What can sign languages tell us about the semantic/pragmatic interface?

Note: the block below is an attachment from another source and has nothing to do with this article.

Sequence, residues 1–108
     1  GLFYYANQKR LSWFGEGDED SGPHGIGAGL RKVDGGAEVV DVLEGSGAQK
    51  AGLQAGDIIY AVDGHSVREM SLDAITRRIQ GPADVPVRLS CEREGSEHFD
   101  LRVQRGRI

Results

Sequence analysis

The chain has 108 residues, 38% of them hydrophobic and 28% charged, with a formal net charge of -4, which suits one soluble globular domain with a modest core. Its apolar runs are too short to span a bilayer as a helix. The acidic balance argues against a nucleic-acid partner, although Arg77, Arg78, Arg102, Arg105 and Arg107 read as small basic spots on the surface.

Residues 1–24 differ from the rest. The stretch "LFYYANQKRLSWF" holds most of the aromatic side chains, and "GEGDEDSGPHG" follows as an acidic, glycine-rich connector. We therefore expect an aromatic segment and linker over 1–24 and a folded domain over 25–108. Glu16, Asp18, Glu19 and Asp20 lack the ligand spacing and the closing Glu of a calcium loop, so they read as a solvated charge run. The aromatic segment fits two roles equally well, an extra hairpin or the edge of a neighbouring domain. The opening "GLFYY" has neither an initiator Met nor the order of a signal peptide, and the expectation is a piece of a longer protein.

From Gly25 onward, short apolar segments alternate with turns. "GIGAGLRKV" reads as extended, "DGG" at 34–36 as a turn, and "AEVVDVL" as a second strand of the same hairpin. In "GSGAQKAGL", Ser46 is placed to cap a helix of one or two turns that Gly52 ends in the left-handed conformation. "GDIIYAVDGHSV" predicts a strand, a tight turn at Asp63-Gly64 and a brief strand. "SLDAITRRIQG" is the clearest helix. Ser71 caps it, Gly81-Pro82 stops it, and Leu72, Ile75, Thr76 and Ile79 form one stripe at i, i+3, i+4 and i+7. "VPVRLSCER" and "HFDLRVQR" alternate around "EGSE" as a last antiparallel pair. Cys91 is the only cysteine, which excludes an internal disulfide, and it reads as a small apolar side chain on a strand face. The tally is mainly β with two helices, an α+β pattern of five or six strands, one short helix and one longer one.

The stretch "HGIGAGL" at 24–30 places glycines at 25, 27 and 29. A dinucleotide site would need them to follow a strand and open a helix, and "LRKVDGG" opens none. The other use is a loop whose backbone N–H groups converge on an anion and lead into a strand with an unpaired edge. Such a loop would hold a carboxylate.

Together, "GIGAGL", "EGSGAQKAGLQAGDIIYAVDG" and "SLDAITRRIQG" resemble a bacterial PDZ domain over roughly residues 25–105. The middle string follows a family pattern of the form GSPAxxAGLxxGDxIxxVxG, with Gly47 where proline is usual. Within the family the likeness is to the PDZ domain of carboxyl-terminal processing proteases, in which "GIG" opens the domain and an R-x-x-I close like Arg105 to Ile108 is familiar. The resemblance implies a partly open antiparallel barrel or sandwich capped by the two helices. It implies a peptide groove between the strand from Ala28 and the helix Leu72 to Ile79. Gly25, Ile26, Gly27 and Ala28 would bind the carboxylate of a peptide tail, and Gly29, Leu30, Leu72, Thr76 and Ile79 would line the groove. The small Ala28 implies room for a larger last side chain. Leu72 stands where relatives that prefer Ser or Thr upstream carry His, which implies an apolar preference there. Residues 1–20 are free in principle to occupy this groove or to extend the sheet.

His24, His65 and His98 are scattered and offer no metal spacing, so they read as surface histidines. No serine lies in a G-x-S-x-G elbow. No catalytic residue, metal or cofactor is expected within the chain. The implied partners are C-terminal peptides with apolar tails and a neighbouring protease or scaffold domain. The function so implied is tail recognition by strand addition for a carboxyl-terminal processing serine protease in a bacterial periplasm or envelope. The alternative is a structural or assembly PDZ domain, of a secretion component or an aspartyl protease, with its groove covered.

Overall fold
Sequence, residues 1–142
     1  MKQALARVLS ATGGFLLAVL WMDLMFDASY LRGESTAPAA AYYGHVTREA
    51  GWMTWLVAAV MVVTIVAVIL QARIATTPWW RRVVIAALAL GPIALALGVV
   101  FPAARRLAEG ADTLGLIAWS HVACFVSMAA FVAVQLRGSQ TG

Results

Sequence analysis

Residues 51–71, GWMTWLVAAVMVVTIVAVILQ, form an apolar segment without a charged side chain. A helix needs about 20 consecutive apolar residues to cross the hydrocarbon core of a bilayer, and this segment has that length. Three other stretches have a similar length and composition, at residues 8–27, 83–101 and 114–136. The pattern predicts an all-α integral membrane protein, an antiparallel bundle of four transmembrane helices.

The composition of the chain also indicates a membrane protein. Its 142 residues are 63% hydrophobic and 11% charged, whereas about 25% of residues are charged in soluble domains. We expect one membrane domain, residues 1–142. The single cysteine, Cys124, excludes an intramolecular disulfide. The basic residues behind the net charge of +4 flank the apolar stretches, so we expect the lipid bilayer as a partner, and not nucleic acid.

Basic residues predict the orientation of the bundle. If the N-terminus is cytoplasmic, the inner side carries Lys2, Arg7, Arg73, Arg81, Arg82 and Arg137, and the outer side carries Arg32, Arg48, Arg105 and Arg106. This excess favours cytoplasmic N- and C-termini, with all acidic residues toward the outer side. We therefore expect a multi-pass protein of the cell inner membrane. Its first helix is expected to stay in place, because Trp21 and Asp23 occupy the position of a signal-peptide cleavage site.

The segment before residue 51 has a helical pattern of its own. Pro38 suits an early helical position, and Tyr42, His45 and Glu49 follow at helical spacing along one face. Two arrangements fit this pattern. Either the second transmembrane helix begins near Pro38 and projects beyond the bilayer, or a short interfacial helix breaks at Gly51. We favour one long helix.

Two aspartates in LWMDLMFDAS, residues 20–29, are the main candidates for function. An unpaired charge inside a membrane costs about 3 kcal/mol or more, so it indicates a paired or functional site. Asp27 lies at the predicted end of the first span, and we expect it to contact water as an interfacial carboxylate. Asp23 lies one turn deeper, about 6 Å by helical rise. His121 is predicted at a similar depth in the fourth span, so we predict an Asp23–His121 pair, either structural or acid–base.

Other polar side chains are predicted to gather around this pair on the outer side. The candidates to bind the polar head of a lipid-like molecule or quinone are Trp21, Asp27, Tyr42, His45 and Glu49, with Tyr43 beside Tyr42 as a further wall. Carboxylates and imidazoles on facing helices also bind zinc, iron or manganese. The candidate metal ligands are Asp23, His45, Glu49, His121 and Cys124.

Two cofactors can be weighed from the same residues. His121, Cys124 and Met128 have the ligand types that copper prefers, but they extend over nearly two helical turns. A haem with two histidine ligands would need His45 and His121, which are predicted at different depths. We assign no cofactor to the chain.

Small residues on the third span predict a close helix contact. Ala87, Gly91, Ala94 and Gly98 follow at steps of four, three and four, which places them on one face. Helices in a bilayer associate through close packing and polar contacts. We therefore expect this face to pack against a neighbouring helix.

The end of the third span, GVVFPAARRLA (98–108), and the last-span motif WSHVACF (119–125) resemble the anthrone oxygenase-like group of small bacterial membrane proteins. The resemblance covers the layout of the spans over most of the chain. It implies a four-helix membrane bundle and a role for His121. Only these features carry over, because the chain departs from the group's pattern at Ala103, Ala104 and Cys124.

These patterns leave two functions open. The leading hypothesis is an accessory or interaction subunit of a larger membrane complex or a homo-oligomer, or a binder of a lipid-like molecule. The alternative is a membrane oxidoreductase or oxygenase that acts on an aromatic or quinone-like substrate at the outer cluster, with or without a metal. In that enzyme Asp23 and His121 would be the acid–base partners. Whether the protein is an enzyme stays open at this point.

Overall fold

As adult language users, we are all aware that sometimes we mean exactly what we say, and sometimes we mean a lot more. Understanding precisely how language meaning arises from the complex interplay of semantics (what we say) and pragmatics (what we mean) is a difficult question. In this talk, I will focus on two phenomena at the semantic/pragmatic interface: scalar implicatures and the restriction of quantifier domains, from the point of view of American Sign Language (ASL), gaining new insights into the relationship of semantics and pragmatics based on the behavior of ASL. In the case of scalar implicatures, ASL makes frequent use of general use coordinators instead of separate lexical items “and” and “or,” which I show leads to strikingly fewer exclusive interpretations of disjunction than a lexically contrasting scale like English . In the case of quantifier domains, the gradient use of vertical space in ASL can provide clearer judgments about domains for quantification than the gradient options available in spoken languages, such as intonation. In both cases, I show how the manual/visual language modality allows linguists, philosophers, and psychologists to test important issues concerning the relationship of semantics and pragmatics in natural languages.